Two powerful pro-abortion groups filed a lawsuit Tuesday to challenge a Missouri law that protects unborn babies from abortion after their heartbeats are detectable.
Planned Parenthood and the American Civil Liberties Union argued that the law is unconstitutional, and the U.S. District Court for the Western District of Missouri should block it, Reuters reports.
“Without this relief, the bans will have a devastating effect on patients seeking access to abortion in the state,” the abortion groups claimed.
The Missouri Stands for the Unborn Act, slated to go into effect on Aug. 28, is the strongest pro-life legislation in Missouri history. Gov. Mike Parson signed it into law in May.
The law will:
- ban abortion at detection of a heartbeat at 8 weeks
- if overturned, ban abortion at 14 weeks
- if overturned, ban abortion at 18 weeks
- require second custodial parent notification
- require Missouri informed consent requirements for out-of-state abortion referrals
- increase required malpractice insurance to $3 million
- increase to 70 percent of the donation, tax credits for donations to pregnancy resource centers and lift the limit on the amount of the donation
- ban abortions completely when Roe v. Wade is overturned
- ban abortions based on the race, gender or Down Syndrome diagnosis of an unborn child
Lawyers for the abortion industry attacked the law, describing it as part of an “unrelenting campaign to deny patients the health care they seek and to which they are entitled,” FOX 2 Now reports.
They said the law would ban “the vast majority of pre-viability abortions,” which is unconstitutional. Roe v. Wade and subsequent U.S. Supreme Court cases on abortion prohibit states from banning abortions prior to viability.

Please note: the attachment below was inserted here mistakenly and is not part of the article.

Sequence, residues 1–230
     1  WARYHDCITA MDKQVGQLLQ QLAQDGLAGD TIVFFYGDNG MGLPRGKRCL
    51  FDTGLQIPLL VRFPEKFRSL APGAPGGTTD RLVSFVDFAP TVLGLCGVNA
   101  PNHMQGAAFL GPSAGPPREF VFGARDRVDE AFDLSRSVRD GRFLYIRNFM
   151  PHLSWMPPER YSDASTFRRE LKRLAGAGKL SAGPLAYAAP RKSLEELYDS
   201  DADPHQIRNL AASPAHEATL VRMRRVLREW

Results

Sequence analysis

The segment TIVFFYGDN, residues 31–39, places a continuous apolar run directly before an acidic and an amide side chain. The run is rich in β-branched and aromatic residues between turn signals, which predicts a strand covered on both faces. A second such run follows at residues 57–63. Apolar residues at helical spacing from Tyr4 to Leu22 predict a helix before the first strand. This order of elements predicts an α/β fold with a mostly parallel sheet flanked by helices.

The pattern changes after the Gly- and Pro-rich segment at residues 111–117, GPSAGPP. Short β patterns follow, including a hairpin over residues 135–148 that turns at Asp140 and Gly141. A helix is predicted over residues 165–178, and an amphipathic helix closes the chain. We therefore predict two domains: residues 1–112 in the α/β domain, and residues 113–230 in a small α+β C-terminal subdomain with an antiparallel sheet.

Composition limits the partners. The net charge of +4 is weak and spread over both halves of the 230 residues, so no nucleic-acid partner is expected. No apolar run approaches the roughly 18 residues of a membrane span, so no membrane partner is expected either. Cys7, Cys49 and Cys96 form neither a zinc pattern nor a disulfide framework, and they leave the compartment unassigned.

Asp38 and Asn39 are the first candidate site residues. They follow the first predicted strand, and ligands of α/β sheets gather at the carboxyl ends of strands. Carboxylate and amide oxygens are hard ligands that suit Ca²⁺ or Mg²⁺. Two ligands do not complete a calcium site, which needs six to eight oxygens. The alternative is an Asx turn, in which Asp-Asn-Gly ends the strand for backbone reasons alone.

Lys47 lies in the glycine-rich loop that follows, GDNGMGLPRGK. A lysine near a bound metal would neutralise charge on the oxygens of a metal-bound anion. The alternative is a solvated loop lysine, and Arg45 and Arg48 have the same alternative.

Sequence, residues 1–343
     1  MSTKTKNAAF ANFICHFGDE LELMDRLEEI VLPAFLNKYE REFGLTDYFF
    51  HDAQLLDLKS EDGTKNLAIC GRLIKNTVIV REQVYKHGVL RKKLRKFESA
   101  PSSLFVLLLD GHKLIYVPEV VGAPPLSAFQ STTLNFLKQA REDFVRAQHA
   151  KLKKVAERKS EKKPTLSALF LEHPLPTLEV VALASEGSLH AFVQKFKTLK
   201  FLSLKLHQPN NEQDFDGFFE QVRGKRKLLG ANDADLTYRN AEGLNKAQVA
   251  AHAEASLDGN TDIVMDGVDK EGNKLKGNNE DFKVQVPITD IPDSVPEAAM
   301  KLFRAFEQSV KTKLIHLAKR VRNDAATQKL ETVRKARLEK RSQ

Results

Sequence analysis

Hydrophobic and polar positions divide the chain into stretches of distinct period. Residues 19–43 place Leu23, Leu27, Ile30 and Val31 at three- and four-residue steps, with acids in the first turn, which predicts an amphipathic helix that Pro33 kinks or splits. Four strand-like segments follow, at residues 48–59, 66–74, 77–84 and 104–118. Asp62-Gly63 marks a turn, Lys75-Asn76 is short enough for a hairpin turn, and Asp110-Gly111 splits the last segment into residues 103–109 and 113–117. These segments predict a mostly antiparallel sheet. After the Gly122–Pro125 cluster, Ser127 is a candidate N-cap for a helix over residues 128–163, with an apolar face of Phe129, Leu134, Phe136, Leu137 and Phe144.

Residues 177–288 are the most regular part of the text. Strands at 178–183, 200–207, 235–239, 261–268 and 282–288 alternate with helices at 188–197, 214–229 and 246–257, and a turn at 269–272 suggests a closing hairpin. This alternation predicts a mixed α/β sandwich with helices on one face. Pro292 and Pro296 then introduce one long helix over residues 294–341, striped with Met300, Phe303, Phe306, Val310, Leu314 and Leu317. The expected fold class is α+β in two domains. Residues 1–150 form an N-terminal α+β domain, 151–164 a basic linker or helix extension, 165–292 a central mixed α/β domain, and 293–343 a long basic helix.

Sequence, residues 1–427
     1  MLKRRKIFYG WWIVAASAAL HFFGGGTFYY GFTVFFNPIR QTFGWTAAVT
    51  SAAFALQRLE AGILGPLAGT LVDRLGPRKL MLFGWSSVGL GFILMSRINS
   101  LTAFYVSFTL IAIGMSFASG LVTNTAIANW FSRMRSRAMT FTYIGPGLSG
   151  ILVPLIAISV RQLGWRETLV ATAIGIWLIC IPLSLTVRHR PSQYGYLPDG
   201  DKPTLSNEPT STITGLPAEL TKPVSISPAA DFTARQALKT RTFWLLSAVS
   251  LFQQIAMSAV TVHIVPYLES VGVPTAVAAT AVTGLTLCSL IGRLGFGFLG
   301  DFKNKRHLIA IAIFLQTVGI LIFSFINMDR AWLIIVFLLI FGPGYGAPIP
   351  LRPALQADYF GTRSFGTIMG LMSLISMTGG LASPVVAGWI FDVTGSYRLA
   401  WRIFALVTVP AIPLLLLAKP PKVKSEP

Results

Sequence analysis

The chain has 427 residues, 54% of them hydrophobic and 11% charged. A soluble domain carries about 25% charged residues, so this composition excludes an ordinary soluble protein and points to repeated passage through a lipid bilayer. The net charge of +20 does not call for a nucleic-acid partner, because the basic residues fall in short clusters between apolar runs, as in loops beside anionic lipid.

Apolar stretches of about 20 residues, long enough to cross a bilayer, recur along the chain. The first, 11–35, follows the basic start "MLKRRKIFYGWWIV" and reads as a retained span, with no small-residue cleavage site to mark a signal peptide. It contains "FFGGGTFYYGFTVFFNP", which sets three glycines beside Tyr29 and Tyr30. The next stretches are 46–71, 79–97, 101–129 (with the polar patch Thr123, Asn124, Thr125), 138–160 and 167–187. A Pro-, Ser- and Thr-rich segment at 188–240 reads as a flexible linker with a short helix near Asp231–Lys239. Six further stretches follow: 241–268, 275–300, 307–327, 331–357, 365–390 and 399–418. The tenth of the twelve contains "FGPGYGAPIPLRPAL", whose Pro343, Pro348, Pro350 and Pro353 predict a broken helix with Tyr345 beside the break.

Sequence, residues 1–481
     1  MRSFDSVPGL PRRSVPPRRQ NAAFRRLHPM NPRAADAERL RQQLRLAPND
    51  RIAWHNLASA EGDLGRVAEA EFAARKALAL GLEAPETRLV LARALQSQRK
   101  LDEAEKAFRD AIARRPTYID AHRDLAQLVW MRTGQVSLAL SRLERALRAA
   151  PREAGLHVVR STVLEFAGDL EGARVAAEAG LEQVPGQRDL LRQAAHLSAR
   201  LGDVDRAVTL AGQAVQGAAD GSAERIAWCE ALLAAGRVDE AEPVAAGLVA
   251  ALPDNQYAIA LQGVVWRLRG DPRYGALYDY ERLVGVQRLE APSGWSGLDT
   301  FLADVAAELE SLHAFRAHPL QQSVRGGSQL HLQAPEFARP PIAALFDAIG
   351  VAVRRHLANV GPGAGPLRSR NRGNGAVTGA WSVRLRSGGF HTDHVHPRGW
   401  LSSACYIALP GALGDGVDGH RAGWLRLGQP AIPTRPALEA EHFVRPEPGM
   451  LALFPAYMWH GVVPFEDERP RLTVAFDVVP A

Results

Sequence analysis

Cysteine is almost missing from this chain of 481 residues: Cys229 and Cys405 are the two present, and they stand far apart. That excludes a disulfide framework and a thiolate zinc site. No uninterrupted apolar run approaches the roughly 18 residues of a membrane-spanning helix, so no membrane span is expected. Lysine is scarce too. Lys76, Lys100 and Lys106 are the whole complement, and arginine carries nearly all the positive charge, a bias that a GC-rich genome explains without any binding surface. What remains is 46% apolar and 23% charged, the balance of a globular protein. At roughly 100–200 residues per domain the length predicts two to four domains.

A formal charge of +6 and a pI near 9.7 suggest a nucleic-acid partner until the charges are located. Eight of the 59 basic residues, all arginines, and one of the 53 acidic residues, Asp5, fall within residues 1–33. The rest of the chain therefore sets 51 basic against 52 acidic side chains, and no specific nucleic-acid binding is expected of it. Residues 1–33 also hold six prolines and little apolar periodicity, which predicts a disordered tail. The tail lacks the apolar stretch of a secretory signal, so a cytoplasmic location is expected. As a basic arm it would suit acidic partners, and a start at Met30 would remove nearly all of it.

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“Planned Parenthood will not cower to politicians who are trying to dismantle our access to safe, legal abortion — not in Missouri, and not anywhere else,” said Alexis McGill Johnson, acting president of Planned Parenthood.
Johnson erroneously claimed most Americans oppose this type of legislation, but polls show strong public support for abortion limits.
Polling released earlier this year by SBA List found that 82 percent of Missouri voters – including 66 percent of Democrats, 83 percent of Independents, 83 percent of women and 61 percent of self-described pro-choice voters – support a law prohibiting late-term abortions (only 18 percent support allowing late-term abortions).
The findings are not unique. Gallup polls consistently have found that a majority of Americans think all or most abortions should be illegal.
State Attorney General Eric Schmitt said he will defend the unborn in court, KSMU reported in May.
“There have been a lot of cases in front of the United States Supreme Court as it relates to issues around abortion and pro-life legislation that came out of the Legislature,” Schmitt said at the time. “If they get something done, we’re ready, willing and able even it takes us all the way to the Supreme Court of the United States.”
The Missouri health department reported 3,903 abortions in 2017, and 119 of those were babies killed after 20 weeks.
The pro-life law provides protections for unborn babies in a wide range of scenarios, while taking into account court rulings like Roe v. Wade that restrict states from protecting the unborn. The law bans abortions after eight weeks of pregnancy, with exceptions for medical emergencies. Abortionists who violate the measure could be punished with up to 15 years in prison. Women are excluded from prosecution.
It also includes a provision that would completely ban abortions once Roe v. Wade is overturned. Additionally, the bill has measures that would prohibit unborn babies from being aborted up to various limits between 14 weeks and 20 weeks if courts strike down the eight-week ban.
Missouri Right to Life told LifeNews after the bill signing: “We thank the Missouri House and Senate for their commitment this session to increase protections to both born and unborn children and their parents. We thank Governor Parson for his strong commitment to pro-life legislation and leadership in helping to pass these two important pro-life bills.”